Ubud, Bali lies midway between the ocean and the mountains, between the imagined and the real. For those coming to Bali for the first time, the very real and rowdy night life of Kuta and Seminyak is the immediate choice. Others choose Ubud, which has been deemed the cultural capital of Bali, and a bulwark of artistic talent. Seniman Coffee Studio is a cafe that lies in the center—and the periphery—of this complex interplay.
Rice paddies surround Ubud and its swarm of yoga gear and batik, its ashrams and luxury hotels. People come here as much for the cultural tourism as for spiritual respite from the workaday lifestyle. One is just as likely to bump elbows with Julia Roberts on these narrow sidewalks as a gaggle of brightly clad tourists fresh off the plane from Beijing. All these folks have one thing in common: coffee. Cafes here are bustling.
One of these cafes is Seniman Coffee Studio, started in 2010 by Rodney Glick and David Sullivan. Cafes the world over are known for attracting the creative and counter-cultural. This cafe is no different; in Bahasa Indonesia, seniman means “artist.”
Seniman and their roasting branch–Tetap Happy Coffee Roasters, located across the street–are in the center of Ubud, an optimal place to meet people of all sorts. Shop owners, tourists, expatriates, and coffee professionals all gather here. Large windows in both spaces let in lots of natural light, and the bar rocker chairs provide a comfortable place to relax with a cup of coffee. Upcycled serviceware forged from the remainders of a night’s revelry collects on a communal table, the sandblasted glass flasks and jars filled with varying amounts of coffee. Glick and Sullivan are ever in attendance, greeting customers and working with their staff.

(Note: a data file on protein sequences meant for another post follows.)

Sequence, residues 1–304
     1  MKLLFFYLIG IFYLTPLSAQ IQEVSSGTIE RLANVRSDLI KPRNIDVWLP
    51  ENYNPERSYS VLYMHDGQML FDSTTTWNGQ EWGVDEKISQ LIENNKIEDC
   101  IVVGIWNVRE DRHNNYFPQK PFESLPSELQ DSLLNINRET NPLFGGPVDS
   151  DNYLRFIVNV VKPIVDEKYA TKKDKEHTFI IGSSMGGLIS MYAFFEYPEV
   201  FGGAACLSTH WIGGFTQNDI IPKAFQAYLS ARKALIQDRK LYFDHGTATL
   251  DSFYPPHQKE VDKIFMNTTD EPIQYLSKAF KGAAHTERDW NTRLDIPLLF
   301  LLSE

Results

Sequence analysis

Design is a major component of Seniman’s vision, Sullivan tells me. The first thing that might catch your eye is the attention paid to lighting; even a short stay in Indonesia will attune you to the white blare of fluorescents. Here, warm light and backlit displays are easy on the eyes. The aforementioned serviceware comes to your table on a paddle fitted with spaces for water, a small jajan pastry, and your coffee drink (or fresh juice, if that’s your thing).
Being inside this cafe is very much like being inside a work of art, and Glick agrees amiably. “I don’t tell people that though,” he says, “since it’s meant to function in the world as a real thing–saves a lot of conversation!”
The coffee service at Seniman proper has everything from espresso-based drinks to siphon coffee. If you’re a mite peckish, everything from soto ayam (chicken soup, Indonesian style) to the Fat Trucker (a full English breakfast) is served to accompany. Across the street at Seniman’s roastery, you can enjoy a wide variety of cold drinks while you watch as I Kadek Edi, their head roaster, knocks out batches on a 6 kilo Yang-Chia roaster. At night, grilled items are served to accompany their selection of beers.
One of my favorite cold drinks is the single origin smoked Lampung Cocoa Nitro, made from Sumatran chocolate, and served under pressure from a whip cream canister. While developing their cold coffee service Glick noticed an inordinate amount of time was being spent on creating garnishes. “Here,” he demonstrates for me, setting down a pair of pears in a bowl next to my drink. “Beautiful, isn’t it?” Indeed, the fruit was beautiful in and of itself; furthermore, the visual pun was right up my alley.